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Publication numberUS3621323 A
Publication typeGrant
Publication dateNov 16, 1971
Filing dateAug 14, 1969
Priority dateJul 1, 1968
Publication numberUS 3621323 A, US 3621323A, US-A-3621323, US3621323 A, US3621323A
InventorsThomas Frank W, Tooke William R Jr
Original AssigneeThomas Mfg Co
Export CitationBiBTeX, EndNote, RefMan
External Links: USPTO, USPTO Assignment, Espacenet
Coated incandescent electric lamp
US 3621323 A
Abstract  available in
Images(1)
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Claims  available in
Description  (OCR text may contain errors)

United States i atomg [72] Inventors Frank W. Thomas Baltimore, Md.; William R. Tooke, Jr., Atlanta, Ga.

[21] Appl. No. 860,139

[22] Filed Aug. 14, 1969 [45] Patented Nov. 16, 1971 [73] Assignee Thomas Manufacturing Company Parkton, Md. Continuation-impart of application Ser. No. 725,568, Apr. 12, 1968. This application Aug. 14, 1969, Ser. No. 860,139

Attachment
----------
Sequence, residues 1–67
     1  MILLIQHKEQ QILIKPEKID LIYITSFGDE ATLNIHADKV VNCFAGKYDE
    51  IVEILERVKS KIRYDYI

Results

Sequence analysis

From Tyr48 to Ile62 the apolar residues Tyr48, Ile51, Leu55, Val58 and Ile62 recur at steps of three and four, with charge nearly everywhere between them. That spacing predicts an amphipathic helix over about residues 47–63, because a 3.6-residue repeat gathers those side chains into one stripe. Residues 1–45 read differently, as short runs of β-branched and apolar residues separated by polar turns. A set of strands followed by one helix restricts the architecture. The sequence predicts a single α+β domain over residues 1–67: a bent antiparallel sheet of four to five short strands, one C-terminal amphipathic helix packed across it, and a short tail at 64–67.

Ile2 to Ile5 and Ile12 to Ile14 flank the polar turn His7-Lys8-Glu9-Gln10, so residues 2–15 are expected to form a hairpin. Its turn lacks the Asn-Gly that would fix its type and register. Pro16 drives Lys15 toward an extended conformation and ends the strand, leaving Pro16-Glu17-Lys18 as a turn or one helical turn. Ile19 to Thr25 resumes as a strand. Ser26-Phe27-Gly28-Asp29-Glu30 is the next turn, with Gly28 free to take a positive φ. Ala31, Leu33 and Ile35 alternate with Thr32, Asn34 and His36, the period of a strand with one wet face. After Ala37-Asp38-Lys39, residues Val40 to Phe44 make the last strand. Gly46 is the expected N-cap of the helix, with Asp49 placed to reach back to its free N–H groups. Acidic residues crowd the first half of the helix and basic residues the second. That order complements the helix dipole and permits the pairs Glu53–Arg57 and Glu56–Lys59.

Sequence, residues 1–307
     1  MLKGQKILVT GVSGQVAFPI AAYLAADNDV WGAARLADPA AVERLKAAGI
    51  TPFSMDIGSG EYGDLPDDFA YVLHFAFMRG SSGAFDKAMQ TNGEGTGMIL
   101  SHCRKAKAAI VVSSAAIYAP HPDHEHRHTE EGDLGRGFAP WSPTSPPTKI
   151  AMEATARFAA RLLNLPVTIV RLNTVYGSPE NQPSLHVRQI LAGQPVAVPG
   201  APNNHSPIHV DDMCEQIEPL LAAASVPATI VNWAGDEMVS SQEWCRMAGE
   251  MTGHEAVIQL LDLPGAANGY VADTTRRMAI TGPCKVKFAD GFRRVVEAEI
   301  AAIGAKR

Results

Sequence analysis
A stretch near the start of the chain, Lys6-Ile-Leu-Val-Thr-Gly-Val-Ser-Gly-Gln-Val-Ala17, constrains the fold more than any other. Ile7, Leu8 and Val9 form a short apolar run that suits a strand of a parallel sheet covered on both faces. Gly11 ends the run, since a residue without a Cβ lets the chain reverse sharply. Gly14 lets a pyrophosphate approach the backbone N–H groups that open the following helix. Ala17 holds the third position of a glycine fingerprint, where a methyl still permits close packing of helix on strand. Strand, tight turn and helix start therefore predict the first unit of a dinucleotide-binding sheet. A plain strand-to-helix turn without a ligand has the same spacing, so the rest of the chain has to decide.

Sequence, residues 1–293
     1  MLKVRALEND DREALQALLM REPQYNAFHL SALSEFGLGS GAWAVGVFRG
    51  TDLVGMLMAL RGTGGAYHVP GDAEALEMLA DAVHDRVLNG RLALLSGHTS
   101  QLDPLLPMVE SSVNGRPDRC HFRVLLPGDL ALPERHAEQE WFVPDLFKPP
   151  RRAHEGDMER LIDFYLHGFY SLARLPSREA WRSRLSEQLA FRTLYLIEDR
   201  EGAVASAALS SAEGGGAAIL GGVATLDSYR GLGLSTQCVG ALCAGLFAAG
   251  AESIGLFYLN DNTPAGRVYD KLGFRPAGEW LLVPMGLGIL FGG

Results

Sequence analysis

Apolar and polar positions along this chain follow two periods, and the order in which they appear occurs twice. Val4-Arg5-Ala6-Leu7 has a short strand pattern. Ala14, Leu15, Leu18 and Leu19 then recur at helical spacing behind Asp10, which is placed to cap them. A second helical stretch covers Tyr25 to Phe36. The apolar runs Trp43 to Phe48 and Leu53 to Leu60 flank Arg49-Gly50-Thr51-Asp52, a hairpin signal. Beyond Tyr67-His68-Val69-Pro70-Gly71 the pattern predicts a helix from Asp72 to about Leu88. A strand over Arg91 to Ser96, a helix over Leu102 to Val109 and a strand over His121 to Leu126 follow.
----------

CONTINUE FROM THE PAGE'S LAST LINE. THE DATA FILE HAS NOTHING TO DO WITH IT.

[54] COATED INCANDESCENT ELECTRIC LAMP 3,137,804 6/1964 Rubens 313/312 FOREIGN PATENTS 755,838 8/195'6 Great Britain .1 313/317 Primary Examiner-David Schonberg Assistant Examiner-Paul A. Sacher Attorney-Jones & Thomas ABSTRACT: An incandescent electric lamp including an elastomeric coating extending continuously over the glass envelope of the lamp and down over the upper portion of the metallic base by at least 16th of an inch. Such a coating creates an electrically safe, substantially shatterproof pod which is affixed to the metallic base. Upon accidental, inadvertent or intentional shattering of the glass envelope, the coating has sufficient strength and body to retain its shape as an electrically safe pod which is attached to the metallic base. The pod thus contains the glass fragments, prevents exposure of the lamp filaments to human contact and provides a tough, homogenous body which may be rotated to safely remove the broken lamp from a socket.

IATENTED 16 \971 $621,323

INVENTORS Frank W. Tfwmas w w ATTORNEYS BY William RTouke, Jr.

COATED INCANDESCENT ELECTRIC LAMP CROSS-REFERENCE TO RELATED APPLICATION This application is a continuation-in-part of our copending US. Pat. application for a Method of Coating an Incandescent Electric Lamp", filed Apr. 12, 1968 and having U.S. Ser. No. 725,568.